US military is asking public for help finding its missing $80 million jet
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Featured Image Credit: Anadolu Agency / Contributor
Now we've all made mistakes at work, but imagine having to tell your boss you've misplaced a $80 million warplane...
Known as the F-35 Lightning Jet, the location of the aircraft currently remains unknown following a 'mishap' over the weekend.
A Marine Corps pilot was flying the plane on Sunday, September 17, when they safely ejected over North Charleston, South Carolina.
They parachuted down and was taken to hospital once on the ground around 2pm, with a spokesperson having since confirmed that the pilot, whose name has not been shared, is in a stable condition.
Apparently information about the incident are 'limited', but it will be 'under investigation', a spokesperson told BBC News.
While the pilot is safely recovering in hospital, it's believed the fighter jet they were flying is somewhere not far from Charleston.
Recovery teams are currently searching for the warplane over Lake Moultrie and Lake Marion, but the US Military have called for people to come forward with information that may help assist in their efforts.
In a post on Facebook, Joint Base Charleston said: "Personnel from Joint Base Charleston and Marine Corps Air Station Beaufort(MCAS Beaufort SC)are responding to a mishap involving an F-35B Lightning II jet from Marine Fighter Attack Training Squadron (VMFAT) 501 with the 2nd Marine Aircraft Wing.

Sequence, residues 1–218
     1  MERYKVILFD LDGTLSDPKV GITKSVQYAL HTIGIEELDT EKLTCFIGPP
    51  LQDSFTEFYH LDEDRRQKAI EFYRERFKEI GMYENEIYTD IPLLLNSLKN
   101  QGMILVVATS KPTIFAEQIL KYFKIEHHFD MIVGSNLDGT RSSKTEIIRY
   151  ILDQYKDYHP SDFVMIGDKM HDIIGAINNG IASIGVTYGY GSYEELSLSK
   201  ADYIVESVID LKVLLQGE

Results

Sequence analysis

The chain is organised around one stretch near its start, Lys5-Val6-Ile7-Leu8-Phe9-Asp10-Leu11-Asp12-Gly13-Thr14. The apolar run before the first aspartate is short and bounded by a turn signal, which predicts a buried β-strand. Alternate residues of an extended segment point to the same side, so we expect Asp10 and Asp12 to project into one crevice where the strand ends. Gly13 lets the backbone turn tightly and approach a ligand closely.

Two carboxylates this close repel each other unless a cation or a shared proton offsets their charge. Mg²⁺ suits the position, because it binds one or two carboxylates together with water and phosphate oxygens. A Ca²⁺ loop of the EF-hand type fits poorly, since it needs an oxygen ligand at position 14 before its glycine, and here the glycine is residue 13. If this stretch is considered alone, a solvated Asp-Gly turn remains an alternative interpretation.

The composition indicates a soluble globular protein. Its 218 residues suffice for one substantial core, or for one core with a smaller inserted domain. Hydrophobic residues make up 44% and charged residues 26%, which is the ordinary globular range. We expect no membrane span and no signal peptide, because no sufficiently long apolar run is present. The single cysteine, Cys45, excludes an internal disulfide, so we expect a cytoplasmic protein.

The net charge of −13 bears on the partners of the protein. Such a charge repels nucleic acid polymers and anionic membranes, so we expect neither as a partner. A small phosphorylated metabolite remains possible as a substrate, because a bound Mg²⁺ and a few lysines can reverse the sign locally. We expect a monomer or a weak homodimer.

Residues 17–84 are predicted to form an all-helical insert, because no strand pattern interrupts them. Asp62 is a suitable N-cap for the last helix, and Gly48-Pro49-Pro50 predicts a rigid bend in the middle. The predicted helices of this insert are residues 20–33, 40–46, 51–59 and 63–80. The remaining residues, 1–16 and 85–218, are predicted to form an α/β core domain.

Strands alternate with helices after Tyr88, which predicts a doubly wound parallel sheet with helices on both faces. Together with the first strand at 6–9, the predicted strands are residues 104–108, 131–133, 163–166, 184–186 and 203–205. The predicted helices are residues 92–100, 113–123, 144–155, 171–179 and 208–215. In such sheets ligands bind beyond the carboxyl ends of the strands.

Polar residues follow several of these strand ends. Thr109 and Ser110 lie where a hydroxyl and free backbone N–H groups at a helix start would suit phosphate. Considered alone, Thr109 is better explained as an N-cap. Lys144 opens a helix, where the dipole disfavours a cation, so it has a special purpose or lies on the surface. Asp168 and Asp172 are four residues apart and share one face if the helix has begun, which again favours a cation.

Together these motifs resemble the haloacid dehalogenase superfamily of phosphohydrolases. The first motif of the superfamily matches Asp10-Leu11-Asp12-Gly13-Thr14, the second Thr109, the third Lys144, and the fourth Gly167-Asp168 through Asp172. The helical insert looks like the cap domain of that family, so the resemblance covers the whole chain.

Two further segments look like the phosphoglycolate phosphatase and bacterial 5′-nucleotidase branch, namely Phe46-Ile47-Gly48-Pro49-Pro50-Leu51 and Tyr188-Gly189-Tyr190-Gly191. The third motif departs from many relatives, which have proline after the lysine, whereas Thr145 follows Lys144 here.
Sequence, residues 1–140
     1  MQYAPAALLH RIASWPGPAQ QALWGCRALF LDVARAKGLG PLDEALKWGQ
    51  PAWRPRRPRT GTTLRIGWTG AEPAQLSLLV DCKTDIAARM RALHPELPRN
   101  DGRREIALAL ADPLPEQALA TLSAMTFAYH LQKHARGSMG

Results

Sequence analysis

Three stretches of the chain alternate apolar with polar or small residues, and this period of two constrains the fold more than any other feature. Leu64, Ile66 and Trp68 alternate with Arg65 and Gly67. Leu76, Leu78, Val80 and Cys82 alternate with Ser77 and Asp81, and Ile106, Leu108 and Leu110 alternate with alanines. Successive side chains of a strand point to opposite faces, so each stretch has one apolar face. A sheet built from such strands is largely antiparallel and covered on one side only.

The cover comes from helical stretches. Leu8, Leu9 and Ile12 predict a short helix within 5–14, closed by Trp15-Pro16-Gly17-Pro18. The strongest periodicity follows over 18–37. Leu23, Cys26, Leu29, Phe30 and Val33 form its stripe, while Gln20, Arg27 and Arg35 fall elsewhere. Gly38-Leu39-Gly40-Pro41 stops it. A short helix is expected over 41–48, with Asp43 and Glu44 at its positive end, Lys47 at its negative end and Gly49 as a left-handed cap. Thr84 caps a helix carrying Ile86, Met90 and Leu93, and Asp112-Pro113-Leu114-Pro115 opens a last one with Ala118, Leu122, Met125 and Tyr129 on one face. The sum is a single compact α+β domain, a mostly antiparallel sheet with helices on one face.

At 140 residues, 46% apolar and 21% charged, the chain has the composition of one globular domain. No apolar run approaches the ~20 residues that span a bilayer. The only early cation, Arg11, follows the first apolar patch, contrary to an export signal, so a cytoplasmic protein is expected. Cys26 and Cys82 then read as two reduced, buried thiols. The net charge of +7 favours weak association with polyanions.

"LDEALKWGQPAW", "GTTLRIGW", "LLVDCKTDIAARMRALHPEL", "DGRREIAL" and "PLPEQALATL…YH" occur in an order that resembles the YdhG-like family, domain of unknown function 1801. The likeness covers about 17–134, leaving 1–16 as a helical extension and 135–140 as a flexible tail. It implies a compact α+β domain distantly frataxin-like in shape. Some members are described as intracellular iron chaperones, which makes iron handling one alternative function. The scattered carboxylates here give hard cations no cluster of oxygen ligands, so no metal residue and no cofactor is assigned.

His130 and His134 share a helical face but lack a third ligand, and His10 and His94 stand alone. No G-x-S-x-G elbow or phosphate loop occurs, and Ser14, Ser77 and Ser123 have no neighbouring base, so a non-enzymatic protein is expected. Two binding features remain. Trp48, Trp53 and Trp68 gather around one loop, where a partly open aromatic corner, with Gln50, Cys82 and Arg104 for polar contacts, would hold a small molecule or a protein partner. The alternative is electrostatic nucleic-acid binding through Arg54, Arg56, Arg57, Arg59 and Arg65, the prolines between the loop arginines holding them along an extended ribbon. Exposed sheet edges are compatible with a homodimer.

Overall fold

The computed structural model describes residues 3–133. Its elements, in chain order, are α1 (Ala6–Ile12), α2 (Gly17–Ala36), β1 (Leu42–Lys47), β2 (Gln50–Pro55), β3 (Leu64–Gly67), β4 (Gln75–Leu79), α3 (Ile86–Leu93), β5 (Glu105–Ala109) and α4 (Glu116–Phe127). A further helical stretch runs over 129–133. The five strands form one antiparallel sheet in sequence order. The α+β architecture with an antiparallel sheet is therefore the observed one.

"The pilot ejected safely and was transferred to a local medical center in stable condition. Emergency response teams are still trying to locate the F-35.
"The public is asked to cooperate with military and civilian authorities as the effort continues.
"If you have any information that would assist the recovery teams, please call the 2nd Marine Aircraft Wing Public Affairs Office at 252-466-3827."
The missing jet is manufactured by Lockheed Martin. The company describes the F-35 as 'the most lethal, survivable and connected fighter jet in the world' - so it's probably not something you just want lying around.
In light of the military's appeal for help, many have questioned how it's possible for the air force to lose the expensive jet.
"How in the hell do you lose an F-35? How is there not a tracking device and we’re asking the public to what, find a jet and turn it in?” questioned congresswoman Nancy Mace.
Someone else said on Facebook: "How do you lose an F-35. Glad the pilot is safe, but how do we not know where the aircraft is?"
Echoing similar sentiments, a third person wrote: "How the hell do you lose an F-35? He ejected over N. Charleston. Maybe it crashed into Goose Creek Reservoir during heavy rain?"
In regards to its tracking device, it's said that the jet's transponder isn't working, making it more difficult for the military to locate the aircraft.